Bird flu jumping to humans is ‘enormous concern’, says WHO

National Trust rangers clearing deceased birds from Staple Island, one of the Outer Group of the Farne Islands, off the coast of Northumberland
The H5N1 strain has killed tens of millions of birds worldwide since 2020 - Owen Humphreys/PA Wire

The risk of bird flu jumping into humans is of “enormous concern,” the World Health Organization has warned as the virus continues its spread into new species.

Since 2020, an outbreak of the H5N1 strain has killed tens of millions of birds worldwide, along with thousands of mammals, including sea lions, elephant seals and even one polar bear.

More recently, the virus emerged in 16 herds of cattle in Texas – a development which has surprised experts, as it was previously believed the animals were not susceptible to infection, and raised concerns that H5N1 could eventually spill over into humans.

“This remains, I think, an enormous concern,” Dr Jeremy Farrar, the WHO’s chief scientist, told reporters on Thursday in Geneva.

“When you come into the mammalian population, then you’re getting closer to humans … this virus is just looking for new, novel hosts.”

He warned that, by circulating in new mammals, the virus improves its chances of further evolving and developing “the ability to infect humans and then critically the ability to go from human to human”.

In the recent cattle outbreak in Texas, one person was diagnosed with bird flu following close contact with dairy cows presumed to have been infected.

Over the past 20 years, hundreds of others have caught the virus following exposure to an infected animal – yet there has been no evidence of human-to-human transmission in these cases.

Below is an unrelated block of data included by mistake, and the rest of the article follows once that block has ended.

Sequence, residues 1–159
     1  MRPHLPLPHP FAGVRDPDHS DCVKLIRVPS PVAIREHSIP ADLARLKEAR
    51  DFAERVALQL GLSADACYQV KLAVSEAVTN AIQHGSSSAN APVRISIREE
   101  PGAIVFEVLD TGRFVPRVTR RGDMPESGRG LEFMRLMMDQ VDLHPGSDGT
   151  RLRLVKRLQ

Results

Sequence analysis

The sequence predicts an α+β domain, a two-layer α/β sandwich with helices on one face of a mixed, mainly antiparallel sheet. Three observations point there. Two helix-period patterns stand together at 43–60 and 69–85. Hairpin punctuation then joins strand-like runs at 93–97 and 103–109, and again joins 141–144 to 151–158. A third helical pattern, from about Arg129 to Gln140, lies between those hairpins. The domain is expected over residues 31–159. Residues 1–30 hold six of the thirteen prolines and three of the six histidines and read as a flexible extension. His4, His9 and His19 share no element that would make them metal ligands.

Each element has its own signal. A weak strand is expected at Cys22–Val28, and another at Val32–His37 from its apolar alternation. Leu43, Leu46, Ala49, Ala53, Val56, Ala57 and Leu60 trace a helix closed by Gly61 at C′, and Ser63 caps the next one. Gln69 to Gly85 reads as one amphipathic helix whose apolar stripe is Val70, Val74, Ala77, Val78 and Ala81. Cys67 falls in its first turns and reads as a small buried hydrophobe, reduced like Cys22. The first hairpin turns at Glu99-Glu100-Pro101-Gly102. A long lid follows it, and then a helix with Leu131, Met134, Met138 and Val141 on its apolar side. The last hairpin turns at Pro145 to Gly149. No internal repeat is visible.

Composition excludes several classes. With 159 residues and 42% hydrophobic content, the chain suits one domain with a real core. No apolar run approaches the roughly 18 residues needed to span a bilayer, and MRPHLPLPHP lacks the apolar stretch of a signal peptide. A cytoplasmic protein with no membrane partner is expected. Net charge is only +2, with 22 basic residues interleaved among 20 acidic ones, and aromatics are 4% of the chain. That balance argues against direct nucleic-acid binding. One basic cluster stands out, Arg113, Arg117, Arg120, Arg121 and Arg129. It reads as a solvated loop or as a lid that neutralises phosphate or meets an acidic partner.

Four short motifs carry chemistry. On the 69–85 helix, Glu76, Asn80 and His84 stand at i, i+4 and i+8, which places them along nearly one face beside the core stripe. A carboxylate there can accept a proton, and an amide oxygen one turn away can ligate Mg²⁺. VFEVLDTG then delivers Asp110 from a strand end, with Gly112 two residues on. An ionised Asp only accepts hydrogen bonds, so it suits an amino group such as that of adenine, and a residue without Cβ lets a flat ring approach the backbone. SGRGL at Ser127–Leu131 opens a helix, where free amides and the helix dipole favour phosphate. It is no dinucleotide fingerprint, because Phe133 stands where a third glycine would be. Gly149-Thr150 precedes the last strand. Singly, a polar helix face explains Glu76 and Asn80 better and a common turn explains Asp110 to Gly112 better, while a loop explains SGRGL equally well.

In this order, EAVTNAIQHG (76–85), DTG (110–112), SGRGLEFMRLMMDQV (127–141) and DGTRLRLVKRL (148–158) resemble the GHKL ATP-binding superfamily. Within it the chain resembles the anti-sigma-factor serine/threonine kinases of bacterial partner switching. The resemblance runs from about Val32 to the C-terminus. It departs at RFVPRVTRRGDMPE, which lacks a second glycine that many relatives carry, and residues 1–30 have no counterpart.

Yet the mortality rate for humans is “extraordinarily high,” Dr Farrar warned.

From 2003 to 2024, 463 deaths and 889 cases were reported from 23 countries, according to the WHO – a case fatality rate of 52 per cent.

The Texas infection is the second case of bird flu in the US and appears to have been the first infection of the H5N1 strain through contact with an infected mammal, said the WHO.

Dr Farrar said the ongoing bird flu outbreak had become “a global zoonotic animal pandemic” and called for increased monitoring, adding that it was “very important” to understand how many human infections are occuring “because that’s where adaptation [of the virus] will happen”.

He added: “It’s a tragic thing to say, but if I get infected with H5N1 and I die, that’s the end of it. If I go around the community and I spread it to somebody else then you start the cycle.”

He said efforts were being made to develop vaccines and therapeutics for the strain and stressed the importance of international health authorities having the capacity to diagnose the virus.

This would ensure that the world would be “in a position to immediately respond” if the strain “did come across to humans, with human-to-human transmission”, said Dr Farrar.

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